“My first apartment during college was  a small secluded cabin near the mouth of Big Cottonwood Canyon, which put me just a short distance from the Old Mill.  My cabin was located in a small community of cabins and summer homes on the bank of Big Cottonwood Stream surrounded by lush vines, oak trees , wildflowers, and canyon breezes. Three other friends would move almost next door.
After I moved in,  Alan Covey rented the house next door.  Allen would soon spend his inheritance on promoting Rock Shows using the name of Numenor Productions. One of my best friends from high school days, John Tyler, who worked as a disc jockey for KUER, would work with Alan Covey and later work with me at The Old Mill.
Coincidentally, another best friend named Richard returned from the Peace Corps, and later moved into an old white frame house across from the Old Mill.  He rented his home from  J.B. Walker (a successful businessman who lived on Cottonwood Lane).  Richard got to know J.B. Walker, and became a groundskeeper and security guy for the Old Mill.”


Coffee Shop and Juice Bar on the first floor of the Old Mill — Photo courtesy of Ed Huntsman.

“When the mill became available to rent, lease, or purchase, someone appeared interested in buying it … (but) when the sale fell apart, Richard Sheffield and I began slowly to consider leasing the mill ourselves from J.D. Walker.  Since the Old Mill had recently been rented as a Dance Hall and Bar, almost everything we might need to open a new business was already present and available.  There were no broken windows.  The plumbing worked, the heating system (weekly coal deliveries) and electrical system needed no repairs.  And most importantly there was a functioning bar (with an amazing stone fireplace), plus a hardwood dance floor and a large stage.  Also there were tables and chairs. I arranged a $1200 loan from my mother, and paid it back before we opened.”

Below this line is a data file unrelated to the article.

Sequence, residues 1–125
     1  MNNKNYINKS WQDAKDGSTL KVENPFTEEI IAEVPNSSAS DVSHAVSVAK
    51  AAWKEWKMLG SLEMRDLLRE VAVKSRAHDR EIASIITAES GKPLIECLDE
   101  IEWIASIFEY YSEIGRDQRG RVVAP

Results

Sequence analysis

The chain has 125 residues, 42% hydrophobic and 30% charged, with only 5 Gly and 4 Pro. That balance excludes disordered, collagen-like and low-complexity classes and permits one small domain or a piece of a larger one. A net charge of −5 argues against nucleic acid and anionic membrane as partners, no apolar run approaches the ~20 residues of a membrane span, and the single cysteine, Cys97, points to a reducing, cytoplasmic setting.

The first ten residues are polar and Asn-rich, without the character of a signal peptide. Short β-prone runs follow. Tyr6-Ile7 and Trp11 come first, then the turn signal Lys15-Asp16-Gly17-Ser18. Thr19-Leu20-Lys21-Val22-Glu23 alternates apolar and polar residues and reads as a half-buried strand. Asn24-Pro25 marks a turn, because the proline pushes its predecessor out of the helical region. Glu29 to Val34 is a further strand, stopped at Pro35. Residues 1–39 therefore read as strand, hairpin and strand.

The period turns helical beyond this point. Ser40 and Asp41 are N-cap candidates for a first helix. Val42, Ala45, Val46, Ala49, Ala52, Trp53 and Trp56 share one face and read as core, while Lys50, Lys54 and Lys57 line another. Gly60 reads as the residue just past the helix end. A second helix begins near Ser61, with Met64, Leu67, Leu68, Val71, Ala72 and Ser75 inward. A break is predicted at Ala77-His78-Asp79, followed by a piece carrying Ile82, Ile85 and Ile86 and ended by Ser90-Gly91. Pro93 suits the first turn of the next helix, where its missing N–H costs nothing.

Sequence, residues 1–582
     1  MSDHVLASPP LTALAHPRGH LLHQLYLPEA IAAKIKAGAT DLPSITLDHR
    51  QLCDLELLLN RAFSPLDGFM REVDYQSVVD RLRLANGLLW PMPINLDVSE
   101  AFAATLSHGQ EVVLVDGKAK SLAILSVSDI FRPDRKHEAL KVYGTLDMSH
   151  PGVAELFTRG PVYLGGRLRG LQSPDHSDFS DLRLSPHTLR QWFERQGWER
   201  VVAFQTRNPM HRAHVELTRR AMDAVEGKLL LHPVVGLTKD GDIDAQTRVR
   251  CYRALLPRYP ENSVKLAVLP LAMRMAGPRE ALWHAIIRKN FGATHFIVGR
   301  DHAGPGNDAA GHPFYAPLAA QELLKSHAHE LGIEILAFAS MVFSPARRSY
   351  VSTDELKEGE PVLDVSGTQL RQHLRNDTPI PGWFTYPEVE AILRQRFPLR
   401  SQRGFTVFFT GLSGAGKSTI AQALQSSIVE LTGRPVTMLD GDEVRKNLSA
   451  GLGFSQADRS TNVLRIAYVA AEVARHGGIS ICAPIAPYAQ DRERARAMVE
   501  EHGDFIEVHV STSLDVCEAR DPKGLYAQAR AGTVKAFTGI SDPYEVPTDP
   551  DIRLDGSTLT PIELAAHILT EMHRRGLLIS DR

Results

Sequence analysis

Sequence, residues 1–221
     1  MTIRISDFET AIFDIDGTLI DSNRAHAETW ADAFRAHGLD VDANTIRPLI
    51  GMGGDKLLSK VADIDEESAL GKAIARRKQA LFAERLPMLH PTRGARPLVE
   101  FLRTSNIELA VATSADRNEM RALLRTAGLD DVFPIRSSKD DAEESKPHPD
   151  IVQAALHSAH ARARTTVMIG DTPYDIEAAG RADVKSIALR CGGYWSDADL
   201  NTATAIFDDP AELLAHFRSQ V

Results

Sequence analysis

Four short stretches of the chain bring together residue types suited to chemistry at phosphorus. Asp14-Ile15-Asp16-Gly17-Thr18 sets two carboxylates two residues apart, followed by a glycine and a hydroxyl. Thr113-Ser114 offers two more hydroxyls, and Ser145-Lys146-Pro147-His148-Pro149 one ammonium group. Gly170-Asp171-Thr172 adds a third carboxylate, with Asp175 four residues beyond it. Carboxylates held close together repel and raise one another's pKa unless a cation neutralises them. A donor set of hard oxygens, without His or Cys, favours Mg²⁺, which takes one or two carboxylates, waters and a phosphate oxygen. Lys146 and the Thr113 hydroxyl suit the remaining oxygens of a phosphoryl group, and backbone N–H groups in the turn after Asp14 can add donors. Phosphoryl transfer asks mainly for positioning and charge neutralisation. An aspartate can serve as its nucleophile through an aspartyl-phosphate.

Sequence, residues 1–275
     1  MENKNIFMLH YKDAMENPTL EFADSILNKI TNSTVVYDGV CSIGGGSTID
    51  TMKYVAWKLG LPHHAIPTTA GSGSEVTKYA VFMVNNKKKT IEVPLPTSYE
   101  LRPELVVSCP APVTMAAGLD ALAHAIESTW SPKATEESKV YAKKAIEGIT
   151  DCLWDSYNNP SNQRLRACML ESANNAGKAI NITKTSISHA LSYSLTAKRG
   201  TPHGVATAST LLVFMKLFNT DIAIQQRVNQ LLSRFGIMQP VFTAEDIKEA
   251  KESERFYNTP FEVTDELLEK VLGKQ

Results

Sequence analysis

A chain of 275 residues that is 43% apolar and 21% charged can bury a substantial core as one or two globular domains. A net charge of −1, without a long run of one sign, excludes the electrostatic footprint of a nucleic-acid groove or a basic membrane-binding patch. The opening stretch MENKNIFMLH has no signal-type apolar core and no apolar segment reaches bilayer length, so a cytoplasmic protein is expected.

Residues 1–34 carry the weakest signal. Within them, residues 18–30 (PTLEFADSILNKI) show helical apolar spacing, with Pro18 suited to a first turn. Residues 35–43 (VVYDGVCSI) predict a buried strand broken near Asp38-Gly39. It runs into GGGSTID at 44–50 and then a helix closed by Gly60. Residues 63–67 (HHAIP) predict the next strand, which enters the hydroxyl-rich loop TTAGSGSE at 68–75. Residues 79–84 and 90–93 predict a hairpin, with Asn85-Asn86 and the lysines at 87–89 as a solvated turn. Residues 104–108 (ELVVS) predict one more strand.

“On the night of the Grand Opening we had a giant sky light …”


Spirit of Creation consisted of ‘Little John’ Mehler (drums), Jay Truaxx (bass), and Chuck Frayer (guitar). See more about Wishful Thinking below. The visuals were by Kenvin Lyman and Harvey “Edison” Warnke. Artist Richard Taylor joined soon afterward and this light show was re-christened Rainbow Jam — famous for high-quality Rock Posters too, including this one by Kenvin Lyman.